Is strict fidelity to the original literary source possible? Or is it even necessary? Should we, as viewers, take fidelity as a methodological principle to be followed by the filmmaker who chooses to adapt a literary source to make his film? All these questions get raised as one watches production designer Samir Chanda’s entry into direction with Ek Nodir Galpo. Based on a story Ekti Nodir Naam, authored by the noted Sunil Gangopadhyay that haunted Chanda from the time he was in college, Ek Nodir Galpo moves beyond the limitations of the written word. It defines grief as an overwhelming emotion that can change the life of a man, less than ordinary, radically and irreversibly for an extraordinary and unique cause.
Ek Nodir Galpo is a poignant celluloid document that throws up an extraordinary perspective on the dedication of a human being towards a cause that may seem crazy to most. Through what may seem a simple story of love between a father and his motherless daughter, the film subtly but steadily covers other areas such as, our losing link with nature presented metaphorically through the river; the casual negligence of officialdom when the person approaching it is either thought to be nutty, or poor, or both; the value-centric integrity that still sustains among a few officers; the empathy that sometimes peeps out of the steel exterior of a strict DM; the river presented as a physical reality, as an integral part of the lives of those who live near it, the river as a metaphor for the anger presented through high tide, as a vehicle of death, as a soother of the mind, as a carrier of dead bodies, as an indirect upholder of the human spirit; and finally, the river as a symbol of Darakeshwar’s dead daughter if only through its imaginary new name, Anjana. The river is an omnipresence that carries ambivalent meanings throughout the film. True to its name, symbolically speaking, the film is more the story of a river than of a father and his daughter.
At the heart of the film, its life and soul is the superb performance of Mithun Chakraborty as Darakeshwar. As he struggles to get the river named after his daughter, he changes his looks, his body language and even his voice. He stops shaving or going for a haircut becoming oblivious to the tattering clothes on his body, or the strange stares of people as he stands up on a makeshift podium to make an impromptu speech asking the people to sign on his signature campaign, or, to the boys who pelt him with stones as he walks by. Contrast this to the scenes with him as the smiling father laughing away at his daughter’s pranks, or making plans for her future and you see one of the most memorable performances come alive on screen by any actor in any language in the history of Indian cinema. This is perhaps Mithun’s best performance ever, Mrigaya (1976) and Tahader Katha, notwithstanding. Shweta Prasad as the adolescent daughter, Anjana, is a natural performer who does not betray any awe about acting with one of the best actors Indian cinema has ever produced. Krishnakishore Mukherjee as the kindly but stern DM and Jisshu Sengupta as the conscience-ridden police officer are very good too as are Bulbul Choudhury as the concerned neighbour and Rahul Prasad as her grandson.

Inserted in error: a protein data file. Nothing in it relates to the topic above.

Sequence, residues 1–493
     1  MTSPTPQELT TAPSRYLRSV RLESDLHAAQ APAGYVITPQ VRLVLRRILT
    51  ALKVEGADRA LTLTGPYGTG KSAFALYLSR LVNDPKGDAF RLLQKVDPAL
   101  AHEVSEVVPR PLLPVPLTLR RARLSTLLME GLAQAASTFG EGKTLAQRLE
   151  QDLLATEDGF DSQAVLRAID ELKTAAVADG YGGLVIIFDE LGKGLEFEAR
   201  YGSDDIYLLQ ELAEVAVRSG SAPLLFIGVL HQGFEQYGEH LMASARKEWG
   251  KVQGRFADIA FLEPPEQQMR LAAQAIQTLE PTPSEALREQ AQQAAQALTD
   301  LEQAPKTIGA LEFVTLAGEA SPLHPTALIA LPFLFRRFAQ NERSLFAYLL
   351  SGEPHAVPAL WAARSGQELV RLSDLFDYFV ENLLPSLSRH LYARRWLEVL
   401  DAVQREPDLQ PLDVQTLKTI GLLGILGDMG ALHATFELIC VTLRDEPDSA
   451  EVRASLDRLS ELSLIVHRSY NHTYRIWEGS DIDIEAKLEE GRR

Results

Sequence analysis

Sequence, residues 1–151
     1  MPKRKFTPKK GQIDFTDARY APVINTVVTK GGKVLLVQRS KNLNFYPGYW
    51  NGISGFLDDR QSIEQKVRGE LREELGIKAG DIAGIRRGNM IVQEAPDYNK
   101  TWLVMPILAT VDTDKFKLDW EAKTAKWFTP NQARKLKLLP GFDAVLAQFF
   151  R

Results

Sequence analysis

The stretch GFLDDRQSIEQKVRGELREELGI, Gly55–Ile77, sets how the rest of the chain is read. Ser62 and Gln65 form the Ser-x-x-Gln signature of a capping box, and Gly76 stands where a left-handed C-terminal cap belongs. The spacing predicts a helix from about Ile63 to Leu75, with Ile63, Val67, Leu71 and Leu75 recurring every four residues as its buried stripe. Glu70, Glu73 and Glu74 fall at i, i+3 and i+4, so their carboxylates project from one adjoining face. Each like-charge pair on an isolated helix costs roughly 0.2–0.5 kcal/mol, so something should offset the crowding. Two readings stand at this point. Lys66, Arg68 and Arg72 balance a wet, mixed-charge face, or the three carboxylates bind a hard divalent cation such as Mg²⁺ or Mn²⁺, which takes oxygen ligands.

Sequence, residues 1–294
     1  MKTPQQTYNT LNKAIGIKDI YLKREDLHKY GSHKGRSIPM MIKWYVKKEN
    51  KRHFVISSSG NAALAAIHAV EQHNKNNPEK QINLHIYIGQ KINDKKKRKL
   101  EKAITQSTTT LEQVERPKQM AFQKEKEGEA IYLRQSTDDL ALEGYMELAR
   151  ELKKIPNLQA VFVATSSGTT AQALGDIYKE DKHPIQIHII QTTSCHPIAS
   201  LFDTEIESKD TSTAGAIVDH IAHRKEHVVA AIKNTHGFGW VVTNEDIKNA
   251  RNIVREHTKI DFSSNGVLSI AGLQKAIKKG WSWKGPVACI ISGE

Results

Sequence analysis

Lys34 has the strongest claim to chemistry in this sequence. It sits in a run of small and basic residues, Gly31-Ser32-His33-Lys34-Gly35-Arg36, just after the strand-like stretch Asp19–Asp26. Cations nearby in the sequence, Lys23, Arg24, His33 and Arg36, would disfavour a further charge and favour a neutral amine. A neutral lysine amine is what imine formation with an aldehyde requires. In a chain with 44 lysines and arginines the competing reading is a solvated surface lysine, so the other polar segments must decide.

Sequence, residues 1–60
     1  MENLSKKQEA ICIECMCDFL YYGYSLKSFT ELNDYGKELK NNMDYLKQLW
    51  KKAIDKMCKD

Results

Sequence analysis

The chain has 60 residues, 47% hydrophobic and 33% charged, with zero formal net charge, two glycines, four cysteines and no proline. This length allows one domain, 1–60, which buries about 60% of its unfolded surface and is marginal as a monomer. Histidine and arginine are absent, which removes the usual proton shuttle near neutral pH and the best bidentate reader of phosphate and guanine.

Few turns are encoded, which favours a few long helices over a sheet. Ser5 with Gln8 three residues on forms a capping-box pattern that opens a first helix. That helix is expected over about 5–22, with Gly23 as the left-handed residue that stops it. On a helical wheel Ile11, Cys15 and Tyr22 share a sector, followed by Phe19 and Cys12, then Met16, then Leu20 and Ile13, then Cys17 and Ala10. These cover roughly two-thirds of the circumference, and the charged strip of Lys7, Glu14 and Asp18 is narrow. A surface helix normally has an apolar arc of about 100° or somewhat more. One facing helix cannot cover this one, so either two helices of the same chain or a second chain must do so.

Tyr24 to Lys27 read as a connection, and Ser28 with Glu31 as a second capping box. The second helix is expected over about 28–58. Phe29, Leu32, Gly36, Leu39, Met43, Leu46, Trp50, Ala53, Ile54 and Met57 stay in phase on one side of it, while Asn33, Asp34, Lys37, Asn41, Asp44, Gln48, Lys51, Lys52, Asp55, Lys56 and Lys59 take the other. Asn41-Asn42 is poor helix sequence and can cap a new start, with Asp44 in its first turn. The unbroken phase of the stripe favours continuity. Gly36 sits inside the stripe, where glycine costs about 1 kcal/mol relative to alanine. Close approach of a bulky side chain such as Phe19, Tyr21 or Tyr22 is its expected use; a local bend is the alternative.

Nachiketa who has done the musical score for the film, revives an old folk number sung by young brides and marriageable girls. The song offers a point of relief in the tragic story of love on the one hand and the strength of the human spirit on the other. The music has a gentle flow to it, in harmony with the river flowing along. Rajen C Kothari’s cinematography is low-key and subtly captures the village ambience with its browns and ambers aesthetically. Shot almost entirely on location along the banks of the river Bhagirati, in a village called Naliapur in Burdwan district, the film is a rich visual experience. Anup Mukherjee’s sound design flows like the soft and soothing waves of the Keleghai river. Sanjib Kumar Datta’s editing does justice to the dramatic changes in the mood of the film from innocent joy, to a bonding between two individuals, through shock, grief, moving from the village to the neighbouring town into government offices to village market places and streets only to come back, like the proverbial bad coin, again and again, to the banks of the Keleghai river. Chanda’s dialogue retains the local inflections of the Bengali dialect spoken by the region the film portrays.
There are three National Award winners sharing the credits of the film. One is director Samir Chanda himself who, as production designer, has won several National Awards, Mithun Chakraborty is another National Award winner several times over and the third is Shweta Prasad, who won the National Award for the Best Child Artiste in 2003. But these hardly count in a film where the contribution of every single member of the team speaks for itself. One hopes Chanda sustains the spirit of excellence and dedication he reveals in his first film, much like his protagonist’s single-minded dedication to attain an incredible goal. In a film like this, you can cheerfully forget the story it has been adapted from. For Ek Nodir Galpo, the film is the story.
Bengali, Drama, Color